Working with Workhouse Music, I got the chance to work on some great TV series for BBC, Channel 4 and TLC – but in terms of my best musical work I am proud of some of the tracks I’ve written for production music, film music and even personal projects that sent me down new compositional paths.

Aisling Brouwer has built an impressive CV of TV and film soundtrack work since moving to the UK

MT: What do you think about the way music production technology has progressed? How has this been good or bad for the media composer?

AB: A decade ago, I had just bought my first DAW and was recording mostly in other people’s studios with more experienced engineers and producers, so I am mostly struck by how accessible music technology has become to people with less experience. The interfaces have become much more intuitive, and it is no longer necessary to own a vast amount of hardware equipment and expensive gear in order to produce good music.

Given that I spent the past seven years moving cities nearly every year, and was back and forth between the US, the UK and The Netherlands, I could transport a fair amount of my studio without too much effort; this had considerable advantages. On the other hand, one could argue that because music technology has become so widely available, and much more affordable, it tends to make the competition tougher.

Distinguishing your sound from the masses, and competing with a much larger pool of composers, producers and artists can be a complicated process – and keeping up with new developments equally challenging. There is a rawness and authenticity to production that is lost when everything is so easily perfected digitally, and demos no longer suffice if they are actually demos when pitching against so many people – they should more or less be the final product for the project.

MT: What happens with a typical commission?

AB: Depending on whether I’m working directly with the series producer/director/creative or through an agency/music production company this varies hugely. If I’m involved from the beginning, there are usually several meetings, coffees, and spotting sessions to talk through the overall aims of the project, and in what ways the music can serve to achieve this.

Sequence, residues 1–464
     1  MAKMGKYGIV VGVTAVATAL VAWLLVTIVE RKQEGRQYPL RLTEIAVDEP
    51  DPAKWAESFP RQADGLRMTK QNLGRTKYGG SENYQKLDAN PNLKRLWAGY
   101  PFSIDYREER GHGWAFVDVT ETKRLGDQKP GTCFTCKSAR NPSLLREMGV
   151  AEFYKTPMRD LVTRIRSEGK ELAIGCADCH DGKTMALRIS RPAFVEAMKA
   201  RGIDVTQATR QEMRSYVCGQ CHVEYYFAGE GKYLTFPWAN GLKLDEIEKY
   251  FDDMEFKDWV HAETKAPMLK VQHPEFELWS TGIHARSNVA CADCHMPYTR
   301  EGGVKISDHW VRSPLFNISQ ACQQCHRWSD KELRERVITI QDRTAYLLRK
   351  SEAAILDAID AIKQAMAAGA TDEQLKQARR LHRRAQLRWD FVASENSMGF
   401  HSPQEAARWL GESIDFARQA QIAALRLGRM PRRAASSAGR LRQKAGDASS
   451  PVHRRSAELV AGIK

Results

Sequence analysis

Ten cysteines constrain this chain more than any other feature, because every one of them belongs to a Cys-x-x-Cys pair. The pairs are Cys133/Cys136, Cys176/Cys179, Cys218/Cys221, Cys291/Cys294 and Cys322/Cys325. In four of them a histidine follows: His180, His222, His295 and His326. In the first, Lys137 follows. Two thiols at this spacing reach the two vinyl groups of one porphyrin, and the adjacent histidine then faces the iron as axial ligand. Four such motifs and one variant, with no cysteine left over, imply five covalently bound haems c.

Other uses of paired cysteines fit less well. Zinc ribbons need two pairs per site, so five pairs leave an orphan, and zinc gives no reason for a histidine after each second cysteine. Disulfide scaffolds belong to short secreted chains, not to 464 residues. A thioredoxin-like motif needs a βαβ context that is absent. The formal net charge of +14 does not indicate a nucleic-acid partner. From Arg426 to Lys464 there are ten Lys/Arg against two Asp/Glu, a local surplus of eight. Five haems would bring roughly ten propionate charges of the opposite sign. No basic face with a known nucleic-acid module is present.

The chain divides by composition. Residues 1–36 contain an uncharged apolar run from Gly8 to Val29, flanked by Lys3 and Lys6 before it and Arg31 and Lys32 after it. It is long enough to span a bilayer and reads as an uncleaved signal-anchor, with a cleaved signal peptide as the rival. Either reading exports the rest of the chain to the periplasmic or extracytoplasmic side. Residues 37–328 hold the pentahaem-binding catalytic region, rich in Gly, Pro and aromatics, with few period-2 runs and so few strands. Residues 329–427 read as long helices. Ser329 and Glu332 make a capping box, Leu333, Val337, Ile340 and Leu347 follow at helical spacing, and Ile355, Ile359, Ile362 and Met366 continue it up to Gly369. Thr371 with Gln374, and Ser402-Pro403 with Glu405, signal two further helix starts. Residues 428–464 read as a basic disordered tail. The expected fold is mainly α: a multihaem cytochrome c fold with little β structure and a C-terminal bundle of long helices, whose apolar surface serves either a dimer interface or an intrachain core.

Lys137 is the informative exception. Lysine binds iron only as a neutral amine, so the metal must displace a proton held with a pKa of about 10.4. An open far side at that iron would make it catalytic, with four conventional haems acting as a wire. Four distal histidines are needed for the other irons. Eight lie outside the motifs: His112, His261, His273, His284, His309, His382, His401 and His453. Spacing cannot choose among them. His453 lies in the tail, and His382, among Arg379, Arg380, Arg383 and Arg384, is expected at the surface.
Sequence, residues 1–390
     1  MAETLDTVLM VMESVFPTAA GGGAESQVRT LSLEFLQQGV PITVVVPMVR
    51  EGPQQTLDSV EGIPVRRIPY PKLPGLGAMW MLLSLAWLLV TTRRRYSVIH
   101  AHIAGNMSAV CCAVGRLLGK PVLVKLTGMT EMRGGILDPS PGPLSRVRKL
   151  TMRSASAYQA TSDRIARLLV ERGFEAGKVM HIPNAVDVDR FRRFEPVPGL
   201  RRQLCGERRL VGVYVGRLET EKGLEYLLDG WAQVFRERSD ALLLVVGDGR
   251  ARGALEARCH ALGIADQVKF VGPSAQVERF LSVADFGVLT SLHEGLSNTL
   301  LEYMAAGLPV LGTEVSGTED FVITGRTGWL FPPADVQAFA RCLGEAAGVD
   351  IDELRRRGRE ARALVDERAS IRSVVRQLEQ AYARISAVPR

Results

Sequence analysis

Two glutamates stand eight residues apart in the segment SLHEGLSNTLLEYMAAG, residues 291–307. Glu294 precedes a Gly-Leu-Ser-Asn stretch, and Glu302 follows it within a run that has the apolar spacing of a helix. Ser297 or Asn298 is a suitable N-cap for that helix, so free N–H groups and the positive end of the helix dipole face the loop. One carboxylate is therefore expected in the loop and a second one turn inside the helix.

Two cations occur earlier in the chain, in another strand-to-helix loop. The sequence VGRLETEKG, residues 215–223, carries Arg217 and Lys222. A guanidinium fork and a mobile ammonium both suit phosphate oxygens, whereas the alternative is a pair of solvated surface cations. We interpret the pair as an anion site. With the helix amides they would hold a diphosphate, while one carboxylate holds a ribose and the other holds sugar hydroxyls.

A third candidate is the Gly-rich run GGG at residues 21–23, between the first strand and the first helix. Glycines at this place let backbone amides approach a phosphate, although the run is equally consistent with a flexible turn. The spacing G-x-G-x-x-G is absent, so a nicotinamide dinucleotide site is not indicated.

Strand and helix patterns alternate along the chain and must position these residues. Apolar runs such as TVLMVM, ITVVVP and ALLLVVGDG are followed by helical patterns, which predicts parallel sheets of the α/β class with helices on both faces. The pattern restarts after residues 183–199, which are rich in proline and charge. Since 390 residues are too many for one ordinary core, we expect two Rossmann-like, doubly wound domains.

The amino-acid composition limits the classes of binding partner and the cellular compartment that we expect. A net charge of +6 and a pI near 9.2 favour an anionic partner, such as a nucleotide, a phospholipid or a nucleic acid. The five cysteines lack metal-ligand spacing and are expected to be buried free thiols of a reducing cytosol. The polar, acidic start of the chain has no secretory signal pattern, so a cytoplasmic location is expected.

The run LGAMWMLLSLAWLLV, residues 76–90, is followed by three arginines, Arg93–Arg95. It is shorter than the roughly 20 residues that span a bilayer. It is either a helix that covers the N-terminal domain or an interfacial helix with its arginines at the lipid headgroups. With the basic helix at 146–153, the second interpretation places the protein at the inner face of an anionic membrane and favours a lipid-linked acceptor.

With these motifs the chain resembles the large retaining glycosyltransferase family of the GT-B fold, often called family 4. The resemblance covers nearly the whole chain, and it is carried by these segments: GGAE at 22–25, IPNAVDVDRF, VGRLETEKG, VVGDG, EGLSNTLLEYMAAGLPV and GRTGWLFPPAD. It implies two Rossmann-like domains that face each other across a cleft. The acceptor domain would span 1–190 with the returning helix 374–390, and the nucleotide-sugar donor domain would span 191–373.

More often than not, a temp track and/or reference music has been added during the edit. Rarely, the composition comes before the edit. If this is the case, or if the track is production/library music, I write the track according to the stylistic brief but not directly to picture.

Most of the time, however, the music is the last thing to be added, and thus the deadlines can be exceedingly tight. Once I’ve established the musical palette, I start by tempo mapping and marking the various hits, builds, fades, transitions and so on.

I then get cracking on establishing the main compositional elements and try to do most of my mixing and processing along the way to avoid changing the sound too much at the end. If the project isn’t under a tight deadline, the composition usually goes back and forth between the composer and the client a few times to make room for adjustments, tweaks and variations before the final version is delivered and the project concluded.

MT: You must get asked about music production and breaking in to the industry all the time. What do you get asked about the most?

AB: I think because I’ve written for orchestral ensembles quite a lot, I often get asked about my arrangement and production techniques concerning the amalgamation of classical and commercial music. Most of the emails I get, however, are more inquisitive about how to break into the industry, which companies to approach, which sound libraries or plugins I use, or just general advice on making money from composition.